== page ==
Iran Hosts Non-Aligned Summit Despite Sanctions

Posted August 23rd, 2012 at 11:20 pm (UTC-5)
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Representatives of nearly 120 nations, including dozens of heads-of-state, will convene in Tehran next week for a summit of the Non-Aligned Movement.

Some leaders will attend the summit even as they help enforce the sanctions that are crippling Iran's economy.

Analysts will be watching to see whether the meeting improves Iran's position in global diplomacy. The U.S. State Department says Iran will try to manipulate the Non-Aligned Movement at the summit, and try to divert attention from its defiance of several U.N. Security Council resolutions.

The summit will convene with a speech by Iran's supreme leader Ayatollah Ali Khamenei, who usually meets only with Islamic officials.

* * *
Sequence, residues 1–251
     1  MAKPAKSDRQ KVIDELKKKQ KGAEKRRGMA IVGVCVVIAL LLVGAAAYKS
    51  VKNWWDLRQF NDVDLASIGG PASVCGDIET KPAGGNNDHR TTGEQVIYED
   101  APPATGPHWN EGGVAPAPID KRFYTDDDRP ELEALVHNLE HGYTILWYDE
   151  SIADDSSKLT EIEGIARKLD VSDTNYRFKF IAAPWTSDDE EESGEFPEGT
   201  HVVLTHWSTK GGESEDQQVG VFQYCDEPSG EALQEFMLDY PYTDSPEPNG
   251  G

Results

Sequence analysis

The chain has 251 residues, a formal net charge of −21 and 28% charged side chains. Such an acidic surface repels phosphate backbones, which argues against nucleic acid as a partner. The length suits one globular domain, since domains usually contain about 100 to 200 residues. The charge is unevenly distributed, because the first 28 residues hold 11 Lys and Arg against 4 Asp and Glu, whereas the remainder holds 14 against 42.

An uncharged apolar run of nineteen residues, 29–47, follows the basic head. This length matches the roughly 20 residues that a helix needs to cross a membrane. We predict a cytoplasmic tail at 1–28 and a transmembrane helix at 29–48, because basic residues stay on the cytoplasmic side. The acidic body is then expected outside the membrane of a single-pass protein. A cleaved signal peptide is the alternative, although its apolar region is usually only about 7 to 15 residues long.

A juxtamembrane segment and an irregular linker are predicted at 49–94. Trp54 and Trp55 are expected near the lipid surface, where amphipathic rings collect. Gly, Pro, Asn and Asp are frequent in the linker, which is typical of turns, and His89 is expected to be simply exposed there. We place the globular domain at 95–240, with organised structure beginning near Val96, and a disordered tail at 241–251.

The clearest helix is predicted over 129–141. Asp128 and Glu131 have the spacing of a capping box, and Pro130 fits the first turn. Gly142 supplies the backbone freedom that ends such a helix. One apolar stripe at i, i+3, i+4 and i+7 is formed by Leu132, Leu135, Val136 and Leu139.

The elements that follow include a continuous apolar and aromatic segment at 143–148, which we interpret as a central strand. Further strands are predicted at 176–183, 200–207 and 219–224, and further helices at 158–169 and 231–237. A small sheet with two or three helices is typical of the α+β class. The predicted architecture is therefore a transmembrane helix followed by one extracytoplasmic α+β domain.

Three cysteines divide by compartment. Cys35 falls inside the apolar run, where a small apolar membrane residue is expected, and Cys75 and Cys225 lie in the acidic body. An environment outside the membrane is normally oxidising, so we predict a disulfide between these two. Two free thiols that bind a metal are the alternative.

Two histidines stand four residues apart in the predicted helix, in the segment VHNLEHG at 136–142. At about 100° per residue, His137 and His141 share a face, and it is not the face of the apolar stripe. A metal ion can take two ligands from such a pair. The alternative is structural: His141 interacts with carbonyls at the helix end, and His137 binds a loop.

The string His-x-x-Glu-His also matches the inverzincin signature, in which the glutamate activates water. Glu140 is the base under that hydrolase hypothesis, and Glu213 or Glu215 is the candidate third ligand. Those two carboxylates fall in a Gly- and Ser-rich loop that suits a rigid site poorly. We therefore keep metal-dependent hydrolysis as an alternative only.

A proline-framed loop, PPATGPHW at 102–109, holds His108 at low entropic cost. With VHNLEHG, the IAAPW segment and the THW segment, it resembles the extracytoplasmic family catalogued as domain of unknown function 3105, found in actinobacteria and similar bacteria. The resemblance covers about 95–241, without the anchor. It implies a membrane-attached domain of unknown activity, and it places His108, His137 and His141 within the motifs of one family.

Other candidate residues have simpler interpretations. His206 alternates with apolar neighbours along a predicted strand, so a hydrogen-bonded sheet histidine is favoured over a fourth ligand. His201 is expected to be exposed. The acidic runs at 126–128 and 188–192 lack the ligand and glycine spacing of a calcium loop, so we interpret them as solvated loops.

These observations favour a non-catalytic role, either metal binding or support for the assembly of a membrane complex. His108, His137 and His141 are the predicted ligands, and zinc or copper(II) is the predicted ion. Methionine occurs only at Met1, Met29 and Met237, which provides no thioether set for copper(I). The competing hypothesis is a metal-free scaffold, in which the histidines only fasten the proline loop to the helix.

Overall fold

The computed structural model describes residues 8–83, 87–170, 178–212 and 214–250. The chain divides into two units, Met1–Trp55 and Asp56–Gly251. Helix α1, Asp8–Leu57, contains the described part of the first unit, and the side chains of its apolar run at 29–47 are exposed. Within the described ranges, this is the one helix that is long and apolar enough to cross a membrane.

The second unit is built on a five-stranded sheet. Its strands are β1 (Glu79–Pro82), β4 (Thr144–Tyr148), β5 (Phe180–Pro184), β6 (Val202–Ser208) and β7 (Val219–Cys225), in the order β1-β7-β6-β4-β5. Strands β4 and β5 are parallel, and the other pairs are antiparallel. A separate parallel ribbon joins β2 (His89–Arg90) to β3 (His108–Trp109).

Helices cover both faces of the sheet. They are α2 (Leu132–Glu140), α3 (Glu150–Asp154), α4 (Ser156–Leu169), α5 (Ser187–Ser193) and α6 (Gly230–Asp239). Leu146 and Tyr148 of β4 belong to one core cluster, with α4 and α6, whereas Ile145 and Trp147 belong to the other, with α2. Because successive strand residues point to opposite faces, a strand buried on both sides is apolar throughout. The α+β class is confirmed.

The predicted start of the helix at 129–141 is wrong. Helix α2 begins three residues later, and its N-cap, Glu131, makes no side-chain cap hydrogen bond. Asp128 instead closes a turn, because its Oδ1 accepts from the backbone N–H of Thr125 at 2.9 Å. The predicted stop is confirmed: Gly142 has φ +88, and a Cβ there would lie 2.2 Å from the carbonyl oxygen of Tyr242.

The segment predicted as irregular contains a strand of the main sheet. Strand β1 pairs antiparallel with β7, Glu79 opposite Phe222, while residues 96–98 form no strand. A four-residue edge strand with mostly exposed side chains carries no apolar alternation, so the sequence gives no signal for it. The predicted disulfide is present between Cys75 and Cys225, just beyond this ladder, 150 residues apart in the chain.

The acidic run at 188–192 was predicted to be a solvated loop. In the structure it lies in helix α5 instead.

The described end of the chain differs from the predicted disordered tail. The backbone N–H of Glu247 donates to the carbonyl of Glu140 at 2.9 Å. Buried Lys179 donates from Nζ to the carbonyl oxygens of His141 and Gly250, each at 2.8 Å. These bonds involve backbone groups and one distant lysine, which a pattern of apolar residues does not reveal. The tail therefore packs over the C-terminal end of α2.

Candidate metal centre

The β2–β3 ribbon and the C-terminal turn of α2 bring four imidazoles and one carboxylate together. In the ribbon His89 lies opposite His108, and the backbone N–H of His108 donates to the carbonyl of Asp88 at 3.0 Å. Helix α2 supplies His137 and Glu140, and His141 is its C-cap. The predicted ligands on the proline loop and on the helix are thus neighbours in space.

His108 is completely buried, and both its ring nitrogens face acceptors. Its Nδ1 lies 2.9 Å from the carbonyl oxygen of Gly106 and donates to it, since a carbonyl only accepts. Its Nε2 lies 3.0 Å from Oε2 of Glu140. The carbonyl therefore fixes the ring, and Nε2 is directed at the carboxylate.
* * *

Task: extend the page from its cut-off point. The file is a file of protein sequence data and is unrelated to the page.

That would appear to underline the importance of this meeting to Iran at a time when, if not for the summit, most world leaders would not visit the country, or even trade with it.

The Non-Aligned Movement is a Cold War organization that was supposed to provide a forum for countries that were allied with neither the United States nor the Soviet Union.

But from its origins in the 1950s there were members that did not fit that description, and since the Soviet Union was dissolved in 1991 the group has struggled for both identity and clout.

Now, its system of rotating leadership has put it back in the spotlight, as its summit is set for Tehran at a time of strong United Nations sanctions against Iran because of its nuclear program.